Is The Passion More Violent than Kill Bill?
Criminal bloodshed and the proper response to it are central themes in two of this week's new releases. Quentin Tarantino's Kill Bill—Vol. 1 is primarily concerned with the styles, varieties of combat, and other genre conventions of kung-fu and gunslinger revenge epics. And Clint Eastwood takes the moral implications "eye-for-an-eye" much more seriously in his moody drama Mystic River.
Meanwhile, as cries of anti-Semitism continue to rise concerning Mel Gibson's upcoming film about Jesus, now the film's violent nature is becoming controversial as well.
(Note: In a story at Yahoo News, it appears that the title of the film has changed. It is now apparently called The Passion of Christ.)
At Easterblogg, Gregg Easterbrook of The New Republic writes that "Gibson has a reputation for movies that revel in gore, so there's legitimate worry that The Passion will depict an over-the-top, splatter-movie Hollywood version of Christ's final hours; and Gibson will sell this as historically accurate 'truth' when it is just one of many possible interpretations of an event no one can be sure about."
Elsewhere, Frederica Matthewes-Green is similarly concerned about how much Gibson plans to dwell on the violent means by which Christ was killed. "It's a mark of our age that we don't believe something is realistic unless it is brutal. But there's another factor to consider. When the four evangelists were writing their own accounts of the Passion, they didn't take Gibson's approach. In fact, the descriptions of Jesus' beating and crucifixion are as minimal as the writers can make them. Instead of appealing to our empathy, they invite us to awesome wonder, because they had a different understanding of the meaning of his suffering."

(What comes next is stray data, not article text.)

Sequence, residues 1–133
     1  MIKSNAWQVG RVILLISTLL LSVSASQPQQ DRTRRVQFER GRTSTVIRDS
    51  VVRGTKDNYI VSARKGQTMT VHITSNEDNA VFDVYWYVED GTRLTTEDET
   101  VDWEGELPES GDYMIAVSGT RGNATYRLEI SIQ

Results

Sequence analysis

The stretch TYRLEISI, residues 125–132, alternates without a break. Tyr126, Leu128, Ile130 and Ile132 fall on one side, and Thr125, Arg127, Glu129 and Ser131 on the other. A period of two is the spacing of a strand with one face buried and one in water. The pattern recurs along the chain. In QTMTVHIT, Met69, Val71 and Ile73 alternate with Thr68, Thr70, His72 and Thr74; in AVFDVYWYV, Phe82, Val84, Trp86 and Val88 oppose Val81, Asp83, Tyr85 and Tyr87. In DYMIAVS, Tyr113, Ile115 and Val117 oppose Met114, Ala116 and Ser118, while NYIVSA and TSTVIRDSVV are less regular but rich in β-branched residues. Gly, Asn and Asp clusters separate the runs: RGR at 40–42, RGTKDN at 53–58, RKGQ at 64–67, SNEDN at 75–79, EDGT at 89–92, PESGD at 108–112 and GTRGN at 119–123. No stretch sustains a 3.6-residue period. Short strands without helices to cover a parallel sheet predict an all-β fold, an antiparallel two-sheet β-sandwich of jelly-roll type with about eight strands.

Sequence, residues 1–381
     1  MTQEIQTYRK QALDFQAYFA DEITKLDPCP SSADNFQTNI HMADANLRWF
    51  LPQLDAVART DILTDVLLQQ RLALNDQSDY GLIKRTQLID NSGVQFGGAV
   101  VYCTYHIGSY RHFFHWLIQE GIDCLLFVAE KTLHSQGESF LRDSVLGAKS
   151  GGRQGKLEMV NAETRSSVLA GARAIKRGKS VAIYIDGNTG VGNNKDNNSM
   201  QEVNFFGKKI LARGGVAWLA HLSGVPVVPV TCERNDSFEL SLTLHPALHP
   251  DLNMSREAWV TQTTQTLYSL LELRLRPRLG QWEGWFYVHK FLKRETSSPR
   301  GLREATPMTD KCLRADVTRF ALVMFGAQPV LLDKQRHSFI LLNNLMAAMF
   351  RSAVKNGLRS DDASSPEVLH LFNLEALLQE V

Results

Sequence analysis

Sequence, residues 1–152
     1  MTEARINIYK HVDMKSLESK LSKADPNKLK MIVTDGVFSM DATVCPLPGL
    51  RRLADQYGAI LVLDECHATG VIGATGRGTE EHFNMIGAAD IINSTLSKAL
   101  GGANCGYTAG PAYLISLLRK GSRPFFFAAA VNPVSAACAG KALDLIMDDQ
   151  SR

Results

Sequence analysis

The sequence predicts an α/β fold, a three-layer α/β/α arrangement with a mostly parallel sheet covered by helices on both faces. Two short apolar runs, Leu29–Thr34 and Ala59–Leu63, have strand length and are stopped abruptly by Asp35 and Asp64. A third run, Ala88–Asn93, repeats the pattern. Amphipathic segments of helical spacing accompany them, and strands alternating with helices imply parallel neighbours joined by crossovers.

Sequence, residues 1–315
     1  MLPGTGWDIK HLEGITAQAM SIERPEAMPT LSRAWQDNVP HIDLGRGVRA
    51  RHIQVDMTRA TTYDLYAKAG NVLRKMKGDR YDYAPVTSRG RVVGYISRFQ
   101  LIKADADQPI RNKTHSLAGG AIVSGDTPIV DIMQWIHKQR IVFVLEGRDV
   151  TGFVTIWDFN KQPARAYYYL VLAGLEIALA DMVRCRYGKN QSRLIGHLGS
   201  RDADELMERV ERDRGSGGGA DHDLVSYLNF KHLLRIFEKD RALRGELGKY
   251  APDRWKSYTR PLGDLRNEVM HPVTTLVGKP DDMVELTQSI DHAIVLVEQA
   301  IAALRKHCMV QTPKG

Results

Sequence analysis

At the Catholic News Service, Archbishop Stefan Soroka of the Ukrainian Archdiocese of Philadelphia has seen the movie, and thus can report on the film itself. His response? "[It's a] shallow presentation on the life of Jesus and the significance of the resurrection. Frankly, without the hype, this movie will not interest many viewers because it fails to offer hope. I would not recommend the movie to my friends nor to the faithful—and particularly the young—because the film, while interesting in the way some things are portrayed, particularly evil, lacks content to really engage my interest."
Tarantino cuts Kill Bill in two; Christian critics cut Volume One to pieces
Last week, Film Forum summarized Quentin Tarantino's new film Kill Bill—Vol. 1 and listed a few early responses from religious press critics.
This week, Tarantino's bloody epic earned more scorn from Christian film reviewers—but it won a few defenders as well. The film, which stars Uma Thurman, Lucy Liu, Vivica A. Fox, Darryl Hannah, and Sonny Chiba, is an homage to the combat-oriented movies that Tarantino cherished as a young moviegoer. While many are offended that viewers could laugh at such rampant cruelty, those who laugh explain their reaction by saying that the scenes are funny because they are so preposterous and exaggerated. Tarantino does indeed find a lot of comedy in his tongue-in-cheek tribute. But he also strives to make us sympathize with his heroine and her quest for revenge the same way that we come to care about the missions of Braveheart and The Patriot. While we may not approve of violent revenge as a motive, surely we can understand it. The question remains open: Will "the Bride" eventually see the futility and damaging effects of her vengeful killing spree? Or will she finish her story as she began, believing that she is the punishing hand of God, justly delivering judgment upon those who so grievously wronged her?